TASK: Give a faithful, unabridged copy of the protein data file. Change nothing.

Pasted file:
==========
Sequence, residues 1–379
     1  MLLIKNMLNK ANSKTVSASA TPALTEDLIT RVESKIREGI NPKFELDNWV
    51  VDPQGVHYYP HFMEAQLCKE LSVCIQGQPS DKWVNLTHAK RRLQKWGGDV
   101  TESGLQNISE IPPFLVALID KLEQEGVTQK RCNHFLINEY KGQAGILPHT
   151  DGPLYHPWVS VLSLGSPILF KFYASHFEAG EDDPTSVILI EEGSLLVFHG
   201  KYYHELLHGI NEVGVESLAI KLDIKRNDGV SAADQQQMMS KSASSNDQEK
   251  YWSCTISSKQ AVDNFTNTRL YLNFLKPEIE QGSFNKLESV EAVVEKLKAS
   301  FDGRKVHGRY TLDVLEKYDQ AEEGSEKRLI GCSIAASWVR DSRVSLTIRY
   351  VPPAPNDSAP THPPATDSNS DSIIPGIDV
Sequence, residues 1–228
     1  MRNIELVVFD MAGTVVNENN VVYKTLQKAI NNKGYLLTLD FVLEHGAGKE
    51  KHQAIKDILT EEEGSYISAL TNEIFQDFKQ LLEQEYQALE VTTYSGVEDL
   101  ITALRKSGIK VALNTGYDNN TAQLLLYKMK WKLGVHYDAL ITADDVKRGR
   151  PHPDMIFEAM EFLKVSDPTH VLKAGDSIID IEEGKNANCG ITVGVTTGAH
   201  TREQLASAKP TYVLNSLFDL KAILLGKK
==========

Sequence, residues 1–379
     1  MLLIKNMLNK ANSKTVSASA TPALTEDLIT RVESKIREGI NPKFELDNWV
    51  VDPQGVHYYP HFMEAQLCKE LSVCIQGQPS DKWVNLTHAK RRLQKWGGDV
   101  TESGLQNISE IPPFLVALID KLEQEGVTQK RCNHFLINEY KGQAGILPHT
   151  DGPLYHPWVS VLSLGSPILF KFYASHFEAG EDDPTSVILI EEGSLLVFHG
   201  KYYHELLHGI NEVGVESLAI KLDIKRNDGV SAADQQQMMS KSASSNDQEK
   251  YWSCTISSKQ AVDNFTNTRL YLNFLKPEIE QGSFNKLESV EAVVEKLKAS
   301  FDGRKVHGRY TLDVLEKYDQ AEEGSEKRLI GCSIAASWVR DSRVSLTIRY
   351  VPPAPNDSAP THPPATDSNS DSIIPGIDV
Sequence, residues 1–228
     1  MRNIELVVFD MAGTVVNENN VVYKTLQKAI NNKGYLLTLD FVLEHGAGKE
    51  KHQAIKDILT EEEGSYISAL TNEIFQDFKQ LLEQEYQALE VTTYSGVEDL
   101  ITALRKSGIK VALNTGYDNN TAQLLLYKMK WKLGVHYDAL ITADDVKRGR
   151  PHPDMIFEAM EFLKVSDPTH VLKAGDSIID IEEGKNANCG ITVGVTTGAH
   201  TREQLASAKP TYVLNSLFDL KAILLGKK